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Microscopic Surgery

Microsurgery is performed on very small structures, such as blood vessels and nerves, with specialized instruments under a microscope.
Microsurgical procedures are performed on parts of the body that are best visualized under a microscope. Examples of such structures are small blood vessels, nerves, and tubes. Today, microsurgery can be lifesaving. Neurosurgeons can treat vascular abnormalities found in the brain, and cancerous tumors can be removed.

A number of specialties can collaborate to treat patients who have limbs or other body parts; under certain circumstances, amputated parts can be reattached, or another body part can be replanted in the place of one lost. a patient may suffer from a chronic condition or wound, and microsurgery can be scheduled as an elective procedure. It is important that the patient inform the doctor completely about any prior surgeries, medical conditions, or medications taken on a regular basis, including nonsteroidal anti-inflammatory drugs (NSAIDs), such as aspirin.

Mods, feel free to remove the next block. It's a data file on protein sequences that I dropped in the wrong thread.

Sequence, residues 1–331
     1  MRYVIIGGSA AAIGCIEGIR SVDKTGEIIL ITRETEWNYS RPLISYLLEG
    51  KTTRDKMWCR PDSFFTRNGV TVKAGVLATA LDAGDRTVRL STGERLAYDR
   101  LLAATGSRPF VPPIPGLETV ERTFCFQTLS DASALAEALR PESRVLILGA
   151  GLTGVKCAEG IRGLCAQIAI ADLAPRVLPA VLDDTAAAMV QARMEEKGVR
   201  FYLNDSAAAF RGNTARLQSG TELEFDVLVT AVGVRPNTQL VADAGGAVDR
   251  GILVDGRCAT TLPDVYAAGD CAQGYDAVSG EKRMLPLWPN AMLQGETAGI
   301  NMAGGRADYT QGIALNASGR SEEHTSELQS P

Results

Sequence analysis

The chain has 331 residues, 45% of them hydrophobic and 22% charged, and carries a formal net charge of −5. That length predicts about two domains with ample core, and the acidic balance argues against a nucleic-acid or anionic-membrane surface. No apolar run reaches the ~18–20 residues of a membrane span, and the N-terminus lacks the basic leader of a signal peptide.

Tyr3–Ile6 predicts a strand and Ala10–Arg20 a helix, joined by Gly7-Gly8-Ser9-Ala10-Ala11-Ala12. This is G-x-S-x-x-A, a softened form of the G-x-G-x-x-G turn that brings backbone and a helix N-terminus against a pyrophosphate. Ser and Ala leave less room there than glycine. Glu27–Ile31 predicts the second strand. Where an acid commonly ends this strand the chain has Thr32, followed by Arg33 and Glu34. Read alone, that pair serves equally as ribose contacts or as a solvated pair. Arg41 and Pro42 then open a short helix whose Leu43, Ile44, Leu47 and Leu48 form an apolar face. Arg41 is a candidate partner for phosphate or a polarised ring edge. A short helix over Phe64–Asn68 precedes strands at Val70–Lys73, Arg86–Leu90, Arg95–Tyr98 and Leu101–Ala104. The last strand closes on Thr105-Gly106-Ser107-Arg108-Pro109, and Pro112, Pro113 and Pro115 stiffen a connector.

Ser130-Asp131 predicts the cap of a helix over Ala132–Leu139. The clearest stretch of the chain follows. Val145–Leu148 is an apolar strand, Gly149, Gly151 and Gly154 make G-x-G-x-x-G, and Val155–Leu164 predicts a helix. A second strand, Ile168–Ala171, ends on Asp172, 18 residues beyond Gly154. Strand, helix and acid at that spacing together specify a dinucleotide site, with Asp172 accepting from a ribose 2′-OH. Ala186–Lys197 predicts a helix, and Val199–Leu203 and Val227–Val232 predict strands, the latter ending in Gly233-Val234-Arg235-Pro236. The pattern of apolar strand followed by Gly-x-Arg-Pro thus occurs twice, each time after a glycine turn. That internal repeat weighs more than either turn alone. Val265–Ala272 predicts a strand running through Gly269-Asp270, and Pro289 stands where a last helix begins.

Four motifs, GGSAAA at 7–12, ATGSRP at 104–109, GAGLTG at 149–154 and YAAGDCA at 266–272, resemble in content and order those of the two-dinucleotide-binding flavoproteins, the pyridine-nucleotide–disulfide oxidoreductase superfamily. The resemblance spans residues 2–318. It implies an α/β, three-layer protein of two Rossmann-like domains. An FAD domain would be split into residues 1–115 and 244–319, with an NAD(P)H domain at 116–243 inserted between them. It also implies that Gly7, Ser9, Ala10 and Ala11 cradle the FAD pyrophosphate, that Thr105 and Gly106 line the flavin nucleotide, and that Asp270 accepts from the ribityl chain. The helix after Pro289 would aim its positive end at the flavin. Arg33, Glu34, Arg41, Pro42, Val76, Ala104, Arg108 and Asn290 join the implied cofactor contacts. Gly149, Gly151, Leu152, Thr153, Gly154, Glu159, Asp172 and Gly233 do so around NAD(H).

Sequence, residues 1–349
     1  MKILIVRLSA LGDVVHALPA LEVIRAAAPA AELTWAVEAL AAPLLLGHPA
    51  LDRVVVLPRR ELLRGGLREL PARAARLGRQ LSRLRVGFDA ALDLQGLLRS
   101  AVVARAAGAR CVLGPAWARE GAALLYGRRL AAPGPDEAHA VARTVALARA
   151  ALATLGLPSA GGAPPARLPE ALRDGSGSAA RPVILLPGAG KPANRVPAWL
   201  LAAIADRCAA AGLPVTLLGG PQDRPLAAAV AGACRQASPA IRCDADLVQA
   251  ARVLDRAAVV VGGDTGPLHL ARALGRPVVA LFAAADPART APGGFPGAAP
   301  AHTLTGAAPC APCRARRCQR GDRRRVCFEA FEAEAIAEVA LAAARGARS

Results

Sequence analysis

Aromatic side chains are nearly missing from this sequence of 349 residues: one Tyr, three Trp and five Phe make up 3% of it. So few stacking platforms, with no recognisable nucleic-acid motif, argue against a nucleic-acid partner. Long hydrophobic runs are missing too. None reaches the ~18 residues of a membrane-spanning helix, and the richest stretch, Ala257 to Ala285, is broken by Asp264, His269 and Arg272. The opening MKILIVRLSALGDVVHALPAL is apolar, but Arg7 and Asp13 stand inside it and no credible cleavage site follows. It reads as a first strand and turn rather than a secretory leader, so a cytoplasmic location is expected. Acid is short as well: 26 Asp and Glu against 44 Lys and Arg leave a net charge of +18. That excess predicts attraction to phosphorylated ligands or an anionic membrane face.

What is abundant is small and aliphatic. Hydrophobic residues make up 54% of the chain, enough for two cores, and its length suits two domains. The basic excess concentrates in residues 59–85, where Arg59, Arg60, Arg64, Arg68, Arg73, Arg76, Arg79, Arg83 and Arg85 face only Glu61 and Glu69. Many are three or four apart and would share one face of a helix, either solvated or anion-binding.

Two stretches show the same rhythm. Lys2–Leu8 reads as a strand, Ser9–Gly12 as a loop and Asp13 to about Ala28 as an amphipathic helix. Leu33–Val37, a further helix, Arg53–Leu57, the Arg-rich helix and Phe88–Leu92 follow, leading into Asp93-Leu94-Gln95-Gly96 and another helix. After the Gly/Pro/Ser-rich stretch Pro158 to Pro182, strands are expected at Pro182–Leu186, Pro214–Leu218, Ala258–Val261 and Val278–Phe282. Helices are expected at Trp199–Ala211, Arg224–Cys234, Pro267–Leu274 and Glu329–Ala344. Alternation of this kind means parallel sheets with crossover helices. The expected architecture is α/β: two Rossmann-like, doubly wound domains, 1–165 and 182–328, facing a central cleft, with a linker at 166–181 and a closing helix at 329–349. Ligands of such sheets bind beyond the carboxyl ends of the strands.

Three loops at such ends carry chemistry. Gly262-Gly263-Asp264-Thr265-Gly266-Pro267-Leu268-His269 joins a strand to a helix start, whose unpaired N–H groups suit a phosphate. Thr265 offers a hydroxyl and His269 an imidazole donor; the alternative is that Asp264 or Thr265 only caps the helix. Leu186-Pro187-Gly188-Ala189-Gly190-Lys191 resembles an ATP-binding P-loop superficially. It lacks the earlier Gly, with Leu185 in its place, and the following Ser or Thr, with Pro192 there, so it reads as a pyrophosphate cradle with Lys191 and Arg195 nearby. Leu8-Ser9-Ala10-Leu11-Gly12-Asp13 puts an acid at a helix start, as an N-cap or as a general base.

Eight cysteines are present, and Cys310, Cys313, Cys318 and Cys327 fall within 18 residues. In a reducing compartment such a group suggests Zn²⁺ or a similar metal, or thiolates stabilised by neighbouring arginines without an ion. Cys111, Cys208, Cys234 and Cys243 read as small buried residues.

Microsurgery uses techniques that have been performed by surgeons since the early twentieth century, such as blood vessel repair and organ transplantation, but under conditions that make traditional vascular surgery difficult or impossible.
Most microsurgical procedures utilize a set of basic techniques that must be mastered by the surgeon. These include :

  • BLOOD VESSEL REPAIR - Blood vessel, or vascular anastomosis, is the connection of two cut or separate blood vessels to form a continuous channel. Anastomoses may be end-to-end (between two cut ends of a blood vessel) or end-to-side (a connection of one cut end of a blood vessel to the wall of another vessel).
  • VEIN GRAFTING - ein grafting is an alternative procedure to end-to-end anastomosis and may be pursued if cut ends of a blood vessel cannot be attached without tension.

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